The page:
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Japan's military seeks record-setting budget of $47B

By Elizabeth Shim
Japan's military seeks record-setting budget of $47B
Japan is seeking increased spending on missile defense and surveillance in response to provocations. Photo by Keizo Mori/UPI | License Photo

Aug. 31 (UPI) -- Japan is seeking yet another record-setting defense budget to deter North Korea and China.

Tokyo's defense ministry wants to set aside $47.6 billion for fiscal year 2018, an increase of 2.5 percent from last year, Stars and Stripes reported.

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The proposal comes at a time when North Korea's provocations are escalating tensions in the region.

Pyongyang's latest midrange ballistic missile, the Hwasong-12, flew over Japan before dropping in the Pacific Ocean.

RELATED U.S., Japan, South Korea make show of force after Pyongyang missile test

"Based on North Korea's nuclear and missile developments reaching a new level of threat [the ministry] will initiate equipping with a new asset," Japan's budget proposal read.

The latest test has prompted Tokyo to call for more sanctions against the relatively isolated country.

Japanese Prime Minister Shinzo Abe has supported increases in military spending since assuming office in 2012.

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Tokyo is not only worried about North Korea advancements in missile technology, but has also been coping with Chinese boats trespassing into Japan-claimed waters.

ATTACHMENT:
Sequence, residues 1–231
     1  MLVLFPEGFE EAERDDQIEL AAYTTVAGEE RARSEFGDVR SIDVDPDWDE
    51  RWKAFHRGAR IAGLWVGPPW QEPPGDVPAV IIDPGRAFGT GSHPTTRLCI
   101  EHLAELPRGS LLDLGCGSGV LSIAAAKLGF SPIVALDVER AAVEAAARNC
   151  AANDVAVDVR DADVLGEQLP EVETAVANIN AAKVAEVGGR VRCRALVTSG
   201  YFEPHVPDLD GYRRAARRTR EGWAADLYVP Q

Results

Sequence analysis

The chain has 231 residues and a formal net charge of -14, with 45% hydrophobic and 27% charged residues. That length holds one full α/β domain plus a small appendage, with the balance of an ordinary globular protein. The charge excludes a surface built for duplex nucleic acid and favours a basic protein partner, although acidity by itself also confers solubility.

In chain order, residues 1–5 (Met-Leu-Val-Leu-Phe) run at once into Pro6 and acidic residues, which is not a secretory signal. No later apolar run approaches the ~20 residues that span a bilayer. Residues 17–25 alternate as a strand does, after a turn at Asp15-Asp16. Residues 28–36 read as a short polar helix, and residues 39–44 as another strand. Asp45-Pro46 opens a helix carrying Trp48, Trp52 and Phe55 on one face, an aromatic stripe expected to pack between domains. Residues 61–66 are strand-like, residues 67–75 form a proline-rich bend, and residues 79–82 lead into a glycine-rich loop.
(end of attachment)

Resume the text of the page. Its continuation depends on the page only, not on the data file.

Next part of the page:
Chinese naval activities in the East China Sea are being met with a proposal to build two escort ships at $872 million, and construct a submarine with improved surveillance capabilities for $647 million.

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North Korea's missile threats are to be met with increased missile defense, making it possible Japan will soon deploy the land-based Aegis Ashore, Kyodo News reported.

RELATED U.S. Navy shoots down test missile off Pacific coast

Japan's naval destroyers, equipped with the Aegis combat system and Standard Missile-3 interceptors, are currently in deployment.

In the event of their failure, the air force's Patriot Advance Capability-3 interceptors would then be prompted to launch a counterattack.

About $177 million is being sought for an improved radar system that can detect and track ballistic missiles, according to the report.

On Thursday, Japan conducted joint drills with the United States Air Force, Kyodo reported.

Japan's F-15 fighter jets flew with the U.S. B-1 bomber over waters south of the Korean peninsula.

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